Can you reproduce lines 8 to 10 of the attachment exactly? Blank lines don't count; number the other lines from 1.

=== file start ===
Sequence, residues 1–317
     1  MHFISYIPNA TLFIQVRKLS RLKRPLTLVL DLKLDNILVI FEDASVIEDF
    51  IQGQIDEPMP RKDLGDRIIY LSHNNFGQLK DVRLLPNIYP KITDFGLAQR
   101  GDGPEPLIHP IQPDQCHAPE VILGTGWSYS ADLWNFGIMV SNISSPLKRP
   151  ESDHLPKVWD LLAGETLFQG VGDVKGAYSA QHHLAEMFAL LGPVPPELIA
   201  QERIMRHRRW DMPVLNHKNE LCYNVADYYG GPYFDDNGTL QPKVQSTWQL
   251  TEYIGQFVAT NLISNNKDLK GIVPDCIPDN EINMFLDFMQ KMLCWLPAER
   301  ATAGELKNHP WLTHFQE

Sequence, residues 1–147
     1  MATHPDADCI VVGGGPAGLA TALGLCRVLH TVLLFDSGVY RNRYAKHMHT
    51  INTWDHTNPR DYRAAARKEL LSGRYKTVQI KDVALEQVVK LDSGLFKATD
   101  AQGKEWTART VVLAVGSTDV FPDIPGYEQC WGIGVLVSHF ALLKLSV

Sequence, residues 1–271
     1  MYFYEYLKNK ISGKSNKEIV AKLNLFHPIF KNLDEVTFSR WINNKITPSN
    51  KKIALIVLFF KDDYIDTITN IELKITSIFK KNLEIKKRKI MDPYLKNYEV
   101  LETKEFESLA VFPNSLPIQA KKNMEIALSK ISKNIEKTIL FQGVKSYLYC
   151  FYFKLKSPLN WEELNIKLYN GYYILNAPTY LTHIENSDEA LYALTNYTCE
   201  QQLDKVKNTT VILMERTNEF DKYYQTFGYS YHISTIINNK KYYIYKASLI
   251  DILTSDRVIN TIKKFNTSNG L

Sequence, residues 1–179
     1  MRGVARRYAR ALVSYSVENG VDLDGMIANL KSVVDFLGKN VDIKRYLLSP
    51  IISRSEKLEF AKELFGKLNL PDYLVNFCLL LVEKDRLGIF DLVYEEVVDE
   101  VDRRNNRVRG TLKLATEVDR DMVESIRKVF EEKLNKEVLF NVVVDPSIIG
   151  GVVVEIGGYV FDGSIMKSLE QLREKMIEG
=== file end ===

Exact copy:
   301  ATAGELKNHP WLTHFQE

Sequence, residues 1–147
     1  MATHPDADCI VVGGGPAGLA TALGLCRVLH TVLLFDSGVY RNRYAKHMHT